The not for profit, volunteer run, Community
Radio Station from Dorchester, covering Central-Southern Dorset

The not for profit, volunteer run, Community
Radio Station from Dorchester, covering Central-Southern Dorset

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The not-for-profit, volunteer run, Community Radio Station from Dorchester serving Central-Southern Dorset

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Could you foster a child in Dorset?

Every year, hundreds of children need foster carers in Dorset while they can’t live with their own families. Could you open your home be one of our highly valued foster carers?

Maybe your looking to reduce hours in the office or know someone who is looking to start a new career?

Cllr Andrew Parry, Dorset Council Portfolio holder for children, education and early help, said:

“Our foster carers provide love, care and vital support for children and families who need it. If you think you have the qualities that could help children flourish, then get in touch.”

As a foster carer, you receive a weekly fee for your skills, plus a weekly allowance for each child you look after. You will have a free programme of learning and development from experts, training courses, learning on-line and other methods.

Susan Lochrie is a foster carer and has looked after more than fifty children over the last three decades with the help of her husband Des.

Since moving to Weymouth in 1988, they have provided short and longer-term care for children with disabilities as well as bringing up three children of their own.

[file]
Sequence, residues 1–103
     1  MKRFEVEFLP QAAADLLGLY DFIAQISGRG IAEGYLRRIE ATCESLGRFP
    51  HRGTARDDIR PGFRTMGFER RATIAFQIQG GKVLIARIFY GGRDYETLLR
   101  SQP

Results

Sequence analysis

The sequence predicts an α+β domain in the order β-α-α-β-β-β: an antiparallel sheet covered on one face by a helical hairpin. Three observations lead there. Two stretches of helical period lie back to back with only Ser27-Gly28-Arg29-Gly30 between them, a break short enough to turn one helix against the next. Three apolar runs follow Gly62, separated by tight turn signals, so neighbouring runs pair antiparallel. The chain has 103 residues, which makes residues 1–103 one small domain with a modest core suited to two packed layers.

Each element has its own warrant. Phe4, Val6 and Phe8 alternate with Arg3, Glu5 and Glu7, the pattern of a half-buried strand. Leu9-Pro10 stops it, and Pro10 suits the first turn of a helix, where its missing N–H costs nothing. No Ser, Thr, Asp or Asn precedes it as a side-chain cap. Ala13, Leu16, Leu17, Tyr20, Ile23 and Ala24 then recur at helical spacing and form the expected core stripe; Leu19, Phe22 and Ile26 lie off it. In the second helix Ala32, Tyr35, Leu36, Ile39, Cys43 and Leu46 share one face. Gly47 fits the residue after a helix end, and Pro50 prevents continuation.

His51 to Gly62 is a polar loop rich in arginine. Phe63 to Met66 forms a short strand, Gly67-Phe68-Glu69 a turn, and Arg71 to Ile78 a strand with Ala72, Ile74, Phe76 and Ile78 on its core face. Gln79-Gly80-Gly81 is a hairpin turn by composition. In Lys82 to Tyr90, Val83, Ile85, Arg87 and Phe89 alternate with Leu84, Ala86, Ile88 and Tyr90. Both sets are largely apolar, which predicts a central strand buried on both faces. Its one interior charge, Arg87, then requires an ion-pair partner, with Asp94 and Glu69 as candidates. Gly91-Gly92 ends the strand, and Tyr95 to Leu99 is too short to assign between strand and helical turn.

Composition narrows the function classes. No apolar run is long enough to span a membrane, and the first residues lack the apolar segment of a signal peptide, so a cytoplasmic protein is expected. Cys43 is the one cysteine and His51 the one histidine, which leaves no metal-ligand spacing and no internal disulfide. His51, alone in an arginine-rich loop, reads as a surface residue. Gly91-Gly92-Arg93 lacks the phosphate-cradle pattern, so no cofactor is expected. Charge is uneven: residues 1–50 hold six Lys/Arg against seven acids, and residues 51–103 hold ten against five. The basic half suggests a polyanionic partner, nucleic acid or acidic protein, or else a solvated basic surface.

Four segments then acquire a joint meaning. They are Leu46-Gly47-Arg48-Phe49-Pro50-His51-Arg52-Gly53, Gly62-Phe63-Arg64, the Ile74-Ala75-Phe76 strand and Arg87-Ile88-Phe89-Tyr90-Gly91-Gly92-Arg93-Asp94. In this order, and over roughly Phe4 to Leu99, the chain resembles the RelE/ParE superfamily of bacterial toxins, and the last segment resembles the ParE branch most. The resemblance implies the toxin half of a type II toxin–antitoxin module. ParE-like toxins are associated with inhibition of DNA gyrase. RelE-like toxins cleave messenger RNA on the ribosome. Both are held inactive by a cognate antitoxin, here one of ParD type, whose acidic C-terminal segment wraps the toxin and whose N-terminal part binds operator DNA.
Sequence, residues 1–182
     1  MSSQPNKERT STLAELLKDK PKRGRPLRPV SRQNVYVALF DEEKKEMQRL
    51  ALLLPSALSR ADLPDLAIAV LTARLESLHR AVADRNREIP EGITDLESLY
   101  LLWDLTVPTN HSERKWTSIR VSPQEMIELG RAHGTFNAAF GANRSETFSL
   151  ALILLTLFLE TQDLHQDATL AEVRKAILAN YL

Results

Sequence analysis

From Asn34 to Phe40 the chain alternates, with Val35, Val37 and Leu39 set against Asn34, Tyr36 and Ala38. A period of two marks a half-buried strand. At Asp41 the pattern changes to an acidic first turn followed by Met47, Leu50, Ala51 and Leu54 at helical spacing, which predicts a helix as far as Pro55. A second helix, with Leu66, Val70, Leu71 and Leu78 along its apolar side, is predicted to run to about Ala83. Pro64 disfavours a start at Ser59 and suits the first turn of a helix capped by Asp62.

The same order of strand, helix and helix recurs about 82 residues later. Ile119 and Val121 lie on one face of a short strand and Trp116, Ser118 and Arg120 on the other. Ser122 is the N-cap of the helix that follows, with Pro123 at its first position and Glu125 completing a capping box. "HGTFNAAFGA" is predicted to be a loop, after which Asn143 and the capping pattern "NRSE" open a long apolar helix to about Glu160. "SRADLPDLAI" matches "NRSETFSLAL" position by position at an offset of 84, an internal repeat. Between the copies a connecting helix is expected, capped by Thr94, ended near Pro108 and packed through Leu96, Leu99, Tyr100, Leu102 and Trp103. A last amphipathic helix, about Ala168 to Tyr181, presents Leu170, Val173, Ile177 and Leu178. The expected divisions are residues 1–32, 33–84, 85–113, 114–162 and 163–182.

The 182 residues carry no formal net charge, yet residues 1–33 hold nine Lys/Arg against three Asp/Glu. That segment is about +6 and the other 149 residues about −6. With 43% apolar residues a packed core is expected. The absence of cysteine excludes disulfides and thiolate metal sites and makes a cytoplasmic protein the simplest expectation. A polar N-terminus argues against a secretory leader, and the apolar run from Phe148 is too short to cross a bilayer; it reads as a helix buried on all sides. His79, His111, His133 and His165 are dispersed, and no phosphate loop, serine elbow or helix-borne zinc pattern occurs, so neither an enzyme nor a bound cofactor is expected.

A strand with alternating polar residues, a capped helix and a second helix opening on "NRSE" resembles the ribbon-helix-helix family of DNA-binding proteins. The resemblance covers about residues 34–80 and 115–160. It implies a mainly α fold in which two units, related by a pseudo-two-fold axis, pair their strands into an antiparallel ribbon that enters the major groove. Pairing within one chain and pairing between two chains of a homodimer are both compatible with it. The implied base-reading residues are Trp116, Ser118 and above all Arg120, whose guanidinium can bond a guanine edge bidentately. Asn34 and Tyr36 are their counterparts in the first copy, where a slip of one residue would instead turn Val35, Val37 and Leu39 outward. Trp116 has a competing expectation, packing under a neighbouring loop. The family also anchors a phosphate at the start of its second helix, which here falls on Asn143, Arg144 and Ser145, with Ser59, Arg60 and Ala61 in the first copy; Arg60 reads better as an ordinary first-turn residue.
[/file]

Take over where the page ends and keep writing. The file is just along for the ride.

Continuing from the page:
She says: “The more we welcomed, the more we enjoyed it so when we were asked to foster an autistic child with learning disabilities for a week, we were pleased and excited to welcome her to our family.  This turned into a two-year placement and the family never looked back.

“We have continued to provide day care to many children – some only came for a short time, others for longer.  We started fostering a girl aged three and she came to us once a fortnight, before eventually moving to a boarding school at the age of 17.  We also decided to adopt a little boy at the time when he was five to give him a permanent home.

“I’m proud to say our three children never complained about the additional family members as they were growing up.  As they now have their own homes, we have three young people with Learning Disabilities staying with us permanently. The oldest turned 18 this year.

“Over the years, some of the most satisfying times have been when the foster children have been at their most difficult to care for.  These are the times when you realise how much the parents need the break and we feel happy to provide some respite for them.

“We tend to be quite a laid back family, and accept the children the way they are and support them however they are feeling.

“We love hearing from all the foster children and their families who keep in touch and finding out how they are getting on.

“To anyone thinking about fostering, I would highly recommend starting with short break caring. Many carers I know started this way, but as time went on enjoyed it so much they became full time carers.

“Our life now is rarely quiet or straightforward, but we love it that way. We love them all just the way they are.

Our years of fostering have given us so many memories, some of sadness and frustration, but many more of fun, love and many laughs, and overriding it all is the feeling of satisfaction that we have made a difference to the life of each child.”

Find out more at

fostering sue